PIA06415: Saturn’s Ring Shadow, Then and Now

Saturn's Ring Shadow, Then and Now

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Caption:

The image on the left was taken on Nov. 1, 1980, by NASA’s Voyager spacecraft from a distance of 5.3 million kilometers (3.3 million miles). It shows a very strong narrow shadow cast on the equatorial region of Saturn’s atmosphere by the rings. During the Voyager encounters, the Sun was close to the plane of the rings so that the ring shadow was very deep and localized to low latitudes.

Radio signals detected by Voyager were interpreted as lightning coming from a persistent, extended storm system at low latitudes. It is possible that the ring shadow was partly responsible for generating this storm by promoting strong convection at the boundary of the colder shadowed atmosphere and the adjoining sunlit atmosphere. This image was previously released on June 19, 1999. For original caption see PIA00335.

The image on the right was acquired by the Cassini spacecraft on May 10, 2004, from a distance of 27.2 million kilometers (16.9 million miles) and shows the complex set of ring shadows cast over a large region of Saturn’s northern hemisphere. This shadow pattern is due to the Sun being well below the ring plane during Cassini’s approach to Saturn. This image was previously release on May 25, 2004. For original caption see PIA05394.

Unlike the situation when NASA’s Voyager spacecraft flew by Saturn, these ring shadows are not as deep and are not localized at a very narrow range of latitudes. Should these shadows drive convection in Saturn’s atmosphere, the location would likely be very much different than the near-equatorial shadow observed by the Voyagers in the early 1980s. It is possible that this very different ring shadow geometry is one reason for different morphologies of thunderstorms observed by Cassini and Voyager. Voyager observed lightning apparently from one persistent, low-latitude storm system, whereas Cassini observes lightning from storms which seem to come and go on time scales of a day or so, and perhaps from more than one storm system at a time.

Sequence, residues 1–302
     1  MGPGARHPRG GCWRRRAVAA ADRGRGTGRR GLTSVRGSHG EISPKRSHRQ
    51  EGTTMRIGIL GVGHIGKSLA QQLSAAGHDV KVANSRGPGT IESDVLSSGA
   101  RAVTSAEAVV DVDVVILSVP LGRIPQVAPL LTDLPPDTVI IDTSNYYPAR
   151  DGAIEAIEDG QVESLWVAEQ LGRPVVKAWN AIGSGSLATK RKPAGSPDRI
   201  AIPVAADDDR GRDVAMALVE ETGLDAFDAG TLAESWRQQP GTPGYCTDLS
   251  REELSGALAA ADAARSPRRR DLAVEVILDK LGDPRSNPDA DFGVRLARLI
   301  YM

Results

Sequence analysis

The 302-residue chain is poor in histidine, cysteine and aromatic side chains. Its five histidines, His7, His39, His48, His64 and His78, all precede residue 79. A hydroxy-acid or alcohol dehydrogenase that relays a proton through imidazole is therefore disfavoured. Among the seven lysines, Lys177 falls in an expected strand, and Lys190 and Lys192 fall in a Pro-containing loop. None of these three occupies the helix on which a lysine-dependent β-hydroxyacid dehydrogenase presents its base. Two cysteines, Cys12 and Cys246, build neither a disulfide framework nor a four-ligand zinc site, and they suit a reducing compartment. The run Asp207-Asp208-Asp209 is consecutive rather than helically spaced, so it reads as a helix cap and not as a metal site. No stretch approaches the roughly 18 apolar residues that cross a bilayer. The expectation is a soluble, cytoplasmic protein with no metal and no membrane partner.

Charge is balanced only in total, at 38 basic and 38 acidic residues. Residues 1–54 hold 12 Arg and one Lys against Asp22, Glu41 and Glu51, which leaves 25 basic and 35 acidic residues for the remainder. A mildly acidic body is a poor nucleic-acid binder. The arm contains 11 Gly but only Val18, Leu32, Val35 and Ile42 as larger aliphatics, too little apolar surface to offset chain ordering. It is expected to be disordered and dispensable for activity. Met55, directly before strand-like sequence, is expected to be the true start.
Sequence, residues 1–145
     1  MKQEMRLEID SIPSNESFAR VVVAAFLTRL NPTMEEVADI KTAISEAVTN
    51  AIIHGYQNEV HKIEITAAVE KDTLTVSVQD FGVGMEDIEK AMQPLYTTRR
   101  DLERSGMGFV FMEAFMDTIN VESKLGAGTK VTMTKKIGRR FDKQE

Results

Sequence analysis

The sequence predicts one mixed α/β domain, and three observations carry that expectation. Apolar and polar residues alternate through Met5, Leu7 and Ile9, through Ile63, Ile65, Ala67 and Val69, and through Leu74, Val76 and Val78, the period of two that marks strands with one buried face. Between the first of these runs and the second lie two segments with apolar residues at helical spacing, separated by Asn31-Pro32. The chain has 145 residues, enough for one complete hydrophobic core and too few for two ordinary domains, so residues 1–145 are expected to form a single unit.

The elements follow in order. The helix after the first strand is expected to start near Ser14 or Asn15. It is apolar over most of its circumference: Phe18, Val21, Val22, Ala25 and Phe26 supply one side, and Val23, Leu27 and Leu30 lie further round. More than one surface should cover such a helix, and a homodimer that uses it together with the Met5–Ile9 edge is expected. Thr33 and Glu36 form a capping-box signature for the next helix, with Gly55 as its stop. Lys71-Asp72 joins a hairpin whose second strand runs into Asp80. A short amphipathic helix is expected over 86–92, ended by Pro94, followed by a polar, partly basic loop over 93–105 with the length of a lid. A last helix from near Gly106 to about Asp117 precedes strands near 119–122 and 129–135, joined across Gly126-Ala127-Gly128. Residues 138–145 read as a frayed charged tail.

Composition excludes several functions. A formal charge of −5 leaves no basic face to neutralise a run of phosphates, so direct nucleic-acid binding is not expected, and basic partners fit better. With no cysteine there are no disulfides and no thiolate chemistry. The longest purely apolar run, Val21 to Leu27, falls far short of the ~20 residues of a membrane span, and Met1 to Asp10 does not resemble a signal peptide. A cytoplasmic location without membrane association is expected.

The Cassini-Huygens mission is a cooperative project of NASA, the European Space Agency and the Italian Space Agency. The Jet Propulsion Laboratory, a division of the California Institute of Technology in Pasadena, manages the Cassini-Huygens mission for NASA’s Science Mission Directorate, Washington, D.C. The Cassini orbiter was designed, developed and assembled at JPL. The radio and plasma wave science team is based at the University of Iowa, Iowa City.

For more information about the Cassini-Huygens mission, visit saturn.jpl.nasa.gov and the instrument team’s home page, www-pw.physics.uiowa.edu/plasma-wave/cassini/home.html.

Image Credit: Credit for image on the left: NASA/JPL; Credit for image on the right: NASA/JPL/Space Science Institute

Source: NASA’s Planetary Photojournal: Image No. PIA06415